Praise for the Community Safety and Well Being Framework is lovely, but the proof will be if they actually follow up on the changes recommended for our community. The status quo is hard to move. Good luck to them.


Long Gun Registry

This Wednesday September 15 is the National Day in Support of the Long Gun Registry.

As a member of the Crime Prevention Council, I supported our motion in favour of the Gun Registry. I am bringing forward a motion to Regional Council on Wednesday to support the police and our Crime Prevention Council.

The police are a pretty conservative, law and order, bunch. If they support the gun registry, there has to be some pretty compelling reasons, and there are if you follow the links below to Chief Torrigian’s op ed and the Police website about the registry. 

Nurses support the registry. Emergency doctors support the registry.

 I’m going to take another tact, as the nuts and bolts reasons are clearly laid out in the links.

There are a lot of registries around that are used by governments and even various organizations to keep up standards. Restaurants need licenses, even hot dog stands do and Public Health has a list or registry of all the food establishments in the Region and inspectors check them for health violations. Even my dog is on a registry with the city. He has a dog license and they keep a list that includes dog gender, number of dogs in a home, whether spayed or neutered and if his rabies shot is up to date.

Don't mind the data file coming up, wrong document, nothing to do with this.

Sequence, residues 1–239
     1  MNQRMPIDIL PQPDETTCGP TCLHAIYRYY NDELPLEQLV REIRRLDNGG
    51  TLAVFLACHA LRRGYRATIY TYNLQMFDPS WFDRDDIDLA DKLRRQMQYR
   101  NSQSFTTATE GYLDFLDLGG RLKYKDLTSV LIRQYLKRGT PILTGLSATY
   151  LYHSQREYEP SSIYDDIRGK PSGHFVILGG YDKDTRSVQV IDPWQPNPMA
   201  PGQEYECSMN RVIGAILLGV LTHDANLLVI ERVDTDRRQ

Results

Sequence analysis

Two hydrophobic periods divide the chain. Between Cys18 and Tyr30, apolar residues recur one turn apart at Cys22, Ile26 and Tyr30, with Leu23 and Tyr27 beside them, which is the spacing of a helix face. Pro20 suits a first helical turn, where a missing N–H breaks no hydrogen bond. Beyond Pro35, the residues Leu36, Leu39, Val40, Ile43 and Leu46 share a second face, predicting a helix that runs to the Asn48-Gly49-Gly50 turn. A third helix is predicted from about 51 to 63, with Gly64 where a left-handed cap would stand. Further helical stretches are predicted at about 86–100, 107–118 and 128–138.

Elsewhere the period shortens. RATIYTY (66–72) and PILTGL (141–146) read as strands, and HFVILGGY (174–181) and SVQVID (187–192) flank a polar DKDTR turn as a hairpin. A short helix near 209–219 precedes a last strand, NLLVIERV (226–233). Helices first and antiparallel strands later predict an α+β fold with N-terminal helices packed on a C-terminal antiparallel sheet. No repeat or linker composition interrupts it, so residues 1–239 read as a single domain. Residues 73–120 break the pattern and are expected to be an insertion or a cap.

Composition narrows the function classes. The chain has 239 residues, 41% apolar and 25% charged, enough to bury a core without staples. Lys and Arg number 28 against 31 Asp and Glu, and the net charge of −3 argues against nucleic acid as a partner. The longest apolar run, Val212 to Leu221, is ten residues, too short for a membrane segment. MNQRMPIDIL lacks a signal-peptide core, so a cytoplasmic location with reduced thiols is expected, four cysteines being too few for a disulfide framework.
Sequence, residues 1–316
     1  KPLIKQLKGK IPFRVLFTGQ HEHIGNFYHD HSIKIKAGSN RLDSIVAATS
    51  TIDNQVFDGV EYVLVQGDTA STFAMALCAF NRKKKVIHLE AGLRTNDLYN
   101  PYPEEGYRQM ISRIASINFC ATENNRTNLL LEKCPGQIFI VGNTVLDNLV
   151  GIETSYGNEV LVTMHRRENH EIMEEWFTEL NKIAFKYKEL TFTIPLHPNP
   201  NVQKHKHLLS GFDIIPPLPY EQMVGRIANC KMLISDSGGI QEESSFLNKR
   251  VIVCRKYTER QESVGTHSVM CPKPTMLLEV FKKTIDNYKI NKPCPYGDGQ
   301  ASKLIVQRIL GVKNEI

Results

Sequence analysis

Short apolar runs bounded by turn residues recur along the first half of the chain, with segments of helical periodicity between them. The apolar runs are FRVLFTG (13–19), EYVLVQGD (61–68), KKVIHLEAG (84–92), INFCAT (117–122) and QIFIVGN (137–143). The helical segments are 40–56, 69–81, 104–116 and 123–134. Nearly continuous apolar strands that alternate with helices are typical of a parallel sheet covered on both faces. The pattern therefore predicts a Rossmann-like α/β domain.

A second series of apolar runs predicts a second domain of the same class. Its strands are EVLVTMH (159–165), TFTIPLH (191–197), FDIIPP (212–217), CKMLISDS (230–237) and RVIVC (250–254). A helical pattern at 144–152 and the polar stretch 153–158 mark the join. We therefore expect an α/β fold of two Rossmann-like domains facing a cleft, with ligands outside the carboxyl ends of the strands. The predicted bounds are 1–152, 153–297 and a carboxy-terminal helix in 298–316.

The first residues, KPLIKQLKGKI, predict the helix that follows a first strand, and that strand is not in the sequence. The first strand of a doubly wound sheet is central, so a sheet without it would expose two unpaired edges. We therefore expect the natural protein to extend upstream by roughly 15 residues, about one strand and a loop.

But the best analogy I think for having a gun registry is cars. Cars can be dangerous, they need skill to drive,yet no one is fussing that we shouldn’t register our cars and renew our driving license. On my ride-along with the police,the constable accessed that list on his computer when we stopped a car with a burned out bulb. Turned out the registered driver was a known felon and dangerous. Good info for the constable going up to his car window.

Why should guns be any different? They can be dangerous and they need skill to use. Our police need this tool.

Chief Matt Torigian  had a good op ed in the Record. http://www.therecord.com/article/772801

Here is a press release from the Waterloo Region Crime Prevention Council from Exchange Magazine http://www.exchangemagazine.com/morningpost/2010/week37/Tuesday/091410.htm and the Council’s position, http://www.preventingcrime.ca/documents/POSITION-LongGunRegistry.pdf

About a year or two ago, I did have some concerns about the cost of the registry but that has been cleaned up. I was very impressed by the following ten reasons to support the Registry by the police. Top ten myths http://www.truthsandmyths.ca/top-10-myths.html